Them, the little people monitoring you at all times. They're everywhere... watching... listening... emulating.
You, a stupid clueless human, stumbling through life, constantly trying not to screw up.
Them, the naive tiny adorers of you... absorbing everything you say and do, because they think you are amazing.
You, just trying to make it through the day without losing your cool... constantly watching your language while driving so that your offspring don't end up swearing at the pokey kid on the tricycle in front of him.
Them, in awe of you... the person they want to be.
You, in awe of them... the person you wish you still could be.
You are a parent. You are an example. Always. Modeling behavior with your actions. Nonstop. Every moment of your day. ALL THE FREAKING TIME.
It is particularly difficult for me to try to be a the kind of person that I want to influence my kids. There is a large chunk of my personality that could easily be labeled as "Intolerant Asshole".
This is intensified by the fact that when I speak, no one in my house seems to hear me. NO ONE. Not even the pets. Not the children. Certainly not my husband.
When a woman speaks in the forest and only men are around, does she really make a sound?
Thing 1 has recently started playing t-ball. He is trying really hard to learn the game. I have loved being a part of his practice at home. We have spent a good deal of time playing catch, practicing batting and running bases. It is wonderful spending the time with him because he is such an adorable little dude. Even though softball or baseball is the furthest thing from "my sport", I am the one home with him, thus have been the one primarily practicing with him. We are sort of learning together, if you will.
I spent my summers riding horses up the mountain, not throwing a ball in a freshly mowed field.
Toe-may-to. Toe-mah-to. Catch a ball, sit a trot, strike the lighting position in a meadow; it all relates.
The other day, after a weekend away with my husband, I started playing catch with Thing 1 in the yard. Brock soon joined us. Together, like a picture perfect family, we were the throwing back and forth to our child. Taking turns, we were both slowly lobbing the ball underhand to our five year old so that he could get a chance to catch it. Then we were encouraging him to throw overhand back to us. Instead of throwing overhand, he was modeling our behavior. He kept forgetting the overhand throw because he was watching what we were doing, and softly lobbing the ball underhand back to us. So softly. After one particularly slow lob, my husband said to our son, "Oh come on! You're throwing like a girl!"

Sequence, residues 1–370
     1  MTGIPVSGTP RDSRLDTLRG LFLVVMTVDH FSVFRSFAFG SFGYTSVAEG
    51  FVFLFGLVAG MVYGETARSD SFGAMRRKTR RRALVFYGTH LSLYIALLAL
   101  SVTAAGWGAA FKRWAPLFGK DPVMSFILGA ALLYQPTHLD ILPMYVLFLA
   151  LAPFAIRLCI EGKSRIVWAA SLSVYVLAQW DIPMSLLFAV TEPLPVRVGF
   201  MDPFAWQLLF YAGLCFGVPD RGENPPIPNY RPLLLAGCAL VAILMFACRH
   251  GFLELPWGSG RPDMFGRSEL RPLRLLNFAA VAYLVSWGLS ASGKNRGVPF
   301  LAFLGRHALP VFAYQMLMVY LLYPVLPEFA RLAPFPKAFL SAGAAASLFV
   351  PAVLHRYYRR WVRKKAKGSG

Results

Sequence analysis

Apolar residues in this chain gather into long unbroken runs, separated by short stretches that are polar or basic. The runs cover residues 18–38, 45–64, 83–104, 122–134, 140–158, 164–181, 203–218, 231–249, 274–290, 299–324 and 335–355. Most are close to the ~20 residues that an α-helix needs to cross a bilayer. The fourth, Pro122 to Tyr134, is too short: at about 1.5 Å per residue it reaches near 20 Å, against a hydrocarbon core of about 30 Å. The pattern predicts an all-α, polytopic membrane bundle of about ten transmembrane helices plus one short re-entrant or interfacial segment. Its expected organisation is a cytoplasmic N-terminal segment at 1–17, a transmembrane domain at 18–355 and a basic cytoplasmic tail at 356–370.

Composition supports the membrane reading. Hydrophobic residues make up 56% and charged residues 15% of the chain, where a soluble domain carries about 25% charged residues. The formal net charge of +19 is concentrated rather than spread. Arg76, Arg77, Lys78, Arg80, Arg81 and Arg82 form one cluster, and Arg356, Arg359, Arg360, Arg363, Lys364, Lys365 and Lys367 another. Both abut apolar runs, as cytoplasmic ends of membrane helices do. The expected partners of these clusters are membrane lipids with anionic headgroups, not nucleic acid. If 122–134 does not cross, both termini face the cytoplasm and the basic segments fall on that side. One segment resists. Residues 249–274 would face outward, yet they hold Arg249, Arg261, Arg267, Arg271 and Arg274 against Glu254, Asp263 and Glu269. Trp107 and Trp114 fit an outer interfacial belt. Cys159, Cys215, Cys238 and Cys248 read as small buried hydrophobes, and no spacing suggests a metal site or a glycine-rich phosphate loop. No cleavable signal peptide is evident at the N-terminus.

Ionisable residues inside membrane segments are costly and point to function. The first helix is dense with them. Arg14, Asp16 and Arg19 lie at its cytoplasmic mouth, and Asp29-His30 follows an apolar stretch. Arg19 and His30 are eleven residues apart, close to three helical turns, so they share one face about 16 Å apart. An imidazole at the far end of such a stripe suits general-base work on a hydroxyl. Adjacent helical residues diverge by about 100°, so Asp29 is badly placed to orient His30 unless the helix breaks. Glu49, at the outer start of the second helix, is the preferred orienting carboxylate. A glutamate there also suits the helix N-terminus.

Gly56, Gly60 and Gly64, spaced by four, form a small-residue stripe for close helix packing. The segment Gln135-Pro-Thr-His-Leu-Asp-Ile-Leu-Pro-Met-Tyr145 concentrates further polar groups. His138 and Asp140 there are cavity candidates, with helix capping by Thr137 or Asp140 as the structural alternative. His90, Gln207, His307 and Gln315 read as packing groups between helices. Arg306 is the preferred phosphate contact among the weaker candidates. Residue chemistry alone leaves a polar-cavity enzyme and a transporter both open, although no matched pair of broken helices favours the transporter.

Hold the phone.
Papa say what?
I won't lie, as a girl who played six years of sports in junior high and high school, I was seething.
Listen, I'm the first one to admit that I say a lot of shiz that I shouldn't. But, seriously, you don't say that to your kid!
Yet! I did not utter a sound because I firmly believe that actions do speak louder than words. I am instinctual in nature and my reaction was calm and calculated.
So I turned and chucked the ball as hard as I could directly at my husband's head.
Luckily for him, he was to the side of me. He simply stepped back to avoid the face/baseball collision. Then I looked him dead in the eye and asked him, "I'm a girl. Is THAT how girls throw?"
His reply was silence.
Clearly, neither of us are capable of modeling good behavior. Hopefully we have other life skills to offer our children. Skills like baking. And laundry. And pounding nails. And eating crow. And laughing at ourselves for being fools.
Basically, our kids are screwed.